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Should You Like NVE Corporation’s (NASDAQ:NVEC) High Return On Capital Employed?

Simply Wall St

Today we'll look at NVE Corporation (NASDAQ:NVEC) and reflect on its potential as an investment. Specifically, we're going to calculate its Return On Capital Employed (ROCE), in the hopes of getting some insight into the business.

First, we'll go over how we calculate ROCE. Next, we'll compare it to others in its industry. Finally, we'll look at how its current liabilities affect its ROCE.

What is Return On Capital Employed (ROCE)?

ROCE is a metric for evaluating how much pre-tax income (in percentage terms) a company earns on the capital invested in its business. In general, businesses with a higher ROCE are usually better quality. In brief, it is a useful tool, but it is not without drawbacks. Renowned investment researcher Michael Mauboussin has suggested that a high ROCE can indicate that 'one dollar invested in the company generates value of more than one dollar'.

So, How Do We Calculate ROCE?

Analysts use this formula to calculate return on capital employed:

Return on Capital Employed = Earnings Before Interest and Tax (EBIT) ÷ (Total Assets - Current Liabilities)

Or for NVE:

0.22 = US$18m ÷ (US$85m - US$866k) (Based on the trailing twelve months to December 2018.)

Therefore, NVE has an ROCE of 22%.

See our latest analysis for NVE

Is NVE's ROCE Good?

When making comparisons between similar businesses, investors may find ROCE useful. In our analysis, NVE's ROCE is meaningfully higher than the 12% average in the Semiconductor industry. We would consider this a positive, as it suggests it is using capital more effectively than other similar companies. Regardless of the industry comparison, in absolute terms, NVE's ROCE currently appears to be excellent.

NasdaqCM:NVEC Past Revenue and Net Income, April 20th 2019

When considering this metric, keep in mind that it is backwards looking, and not necessarily predictive. Companies in cyclical industries can be difficult to understand using ROCE, as returns typically look high during boom times, and low during busts. ROCE is only a point-in-time measure. If NVE is cyclical, it could make sense to check out this free graph of past earnings, revenue and cash flow.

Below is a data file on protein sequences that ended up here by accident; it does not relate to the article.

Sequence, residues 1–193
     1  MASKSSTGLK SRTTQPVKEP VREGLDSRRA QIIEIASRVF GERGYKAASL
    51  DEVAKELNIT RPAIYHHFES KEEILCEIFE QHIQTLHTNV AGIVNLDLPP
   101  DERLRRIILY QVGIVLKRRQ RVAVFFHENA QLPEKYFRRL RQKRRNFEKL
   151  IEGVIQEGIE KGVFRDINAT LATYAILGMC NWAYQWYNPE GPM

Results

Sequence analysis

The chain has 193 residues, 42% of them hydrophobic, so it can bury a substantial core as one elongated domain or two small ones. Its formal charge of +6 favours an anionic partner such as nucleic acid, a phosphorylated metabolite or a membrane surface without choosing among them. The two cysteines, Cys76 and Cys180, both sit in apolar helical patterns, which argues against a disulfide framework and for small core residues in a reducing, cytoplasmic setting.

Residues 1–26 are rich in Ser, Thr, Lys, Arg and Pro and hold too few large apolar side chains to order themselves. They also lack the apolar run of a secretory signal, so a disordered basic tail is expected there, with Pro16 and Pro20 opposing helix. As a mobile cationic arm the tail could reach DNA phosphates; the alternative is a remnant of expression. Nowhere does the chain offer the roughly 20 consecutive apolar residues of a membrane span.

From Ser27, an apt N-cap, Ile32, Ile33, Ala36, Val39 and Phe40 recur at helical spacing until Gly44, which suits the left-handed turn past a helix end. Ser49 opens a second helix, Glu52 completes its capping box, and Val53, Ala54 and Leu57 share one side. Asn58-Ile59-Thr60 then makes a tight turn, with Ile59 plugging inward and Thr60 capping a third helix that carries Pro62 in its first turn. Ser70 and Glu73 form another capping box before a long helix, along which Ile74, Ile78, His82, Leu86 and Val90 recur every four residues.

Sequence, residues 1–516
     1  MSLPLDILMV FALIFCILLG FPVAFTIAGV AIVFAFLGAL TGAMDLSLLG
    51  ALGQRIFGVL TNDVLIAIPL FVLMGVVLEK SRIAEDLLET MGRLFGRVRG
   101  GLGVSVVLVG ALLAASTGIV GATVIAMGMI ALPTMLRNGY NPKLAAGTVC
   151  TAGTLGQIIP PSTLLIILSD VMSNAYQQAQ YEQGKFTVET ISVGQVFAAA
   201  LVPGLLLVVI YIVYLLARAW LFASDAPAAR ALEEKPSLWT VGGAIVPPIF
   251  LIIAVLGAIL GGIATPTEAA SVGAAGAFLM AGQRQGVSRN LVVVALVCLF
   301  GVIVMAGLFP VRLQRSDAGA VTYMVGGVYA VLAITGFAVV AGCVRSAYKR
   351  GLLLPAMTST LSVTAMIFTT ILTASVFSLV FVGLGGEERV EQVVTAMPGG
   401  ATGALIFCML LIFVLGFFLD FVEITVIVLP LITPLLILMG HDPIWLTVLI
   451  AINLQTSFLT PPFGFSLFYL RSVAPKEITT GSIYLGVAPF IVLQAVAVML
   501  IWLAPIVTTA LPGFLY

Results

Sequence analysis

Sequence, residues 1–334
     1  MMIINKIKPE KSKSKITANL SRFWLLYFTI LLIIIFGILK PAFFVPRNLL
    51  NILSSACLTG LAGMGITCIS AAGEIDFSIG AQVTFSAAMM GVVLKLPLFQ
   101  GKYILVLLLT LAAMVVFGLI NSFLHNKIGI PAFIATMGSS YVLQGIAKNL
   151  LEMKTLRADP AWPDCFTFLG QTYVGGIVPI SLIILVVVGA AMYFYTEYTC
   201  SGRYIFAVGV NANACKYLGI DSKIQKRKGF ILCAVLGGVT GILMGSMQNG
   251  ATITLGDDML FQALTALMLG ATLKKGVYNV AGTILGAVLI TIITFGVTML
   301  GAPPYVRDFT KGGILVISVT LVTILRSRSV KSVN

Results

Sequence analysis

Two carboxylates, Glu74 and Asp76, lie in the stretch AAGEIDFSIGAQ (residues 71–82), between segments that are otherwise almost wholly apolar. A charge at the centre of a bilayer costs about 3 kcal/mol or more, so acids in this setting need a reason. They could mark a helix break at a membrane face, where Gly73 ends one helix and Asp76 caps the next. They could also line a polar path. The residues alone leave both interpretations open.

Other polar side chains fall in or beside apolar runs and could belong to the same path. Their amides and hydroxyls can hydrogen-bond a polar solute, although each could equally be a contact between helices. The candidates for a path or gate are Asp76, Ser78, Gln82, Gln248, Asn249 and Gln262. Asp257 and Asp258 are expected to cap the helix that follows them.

NVE's Current Liabilities And Their Impact On Its ROCE

Current liabilities are short term bills and invoices that need to be paid in 12 months or less. Due to the way the ROCE equation works, having large bills due in the near term can make it look as though a company has less capital employed, and thus a higher ROCE than usual. To counter this, investors can check if a company has high current liabilities relative to total assets.

NVE has total assets of US$85m and current liabilities of US$866k. As a result, its current liabilities are equal to approximately 1.0% of its total assets. NVE has low current liabilities, which have a negligible impact on its relatively good ROCE.

The Bottom Line On NVE's ROCE

This is an attractive combination and suggests the company could have potential. NVE shapes up well under this analysis, but it is far from the only business delivering excellent numbers . You might also want to check this free collection of companies delivering excellent earnings growth.

If you are like me, then you will not want to miss this free list of growing companies that insiders are buying.

We aim to bring you long-term focused research analysis driven by fundamental data. Note that our analysis may not factor in the latest price-sensitive company announcements or qualitative material.

If you spot an error that warrants correction, please contact the editor at editorial-team@simplywallst.com. This article by Simply Wall St is general in nature. It does not constitute a recommendation to buy or sell any stock, and does not take account of your objectives, or your financial situation. Simply Wall St has no position in the stocks mentioned. Thank you for reading.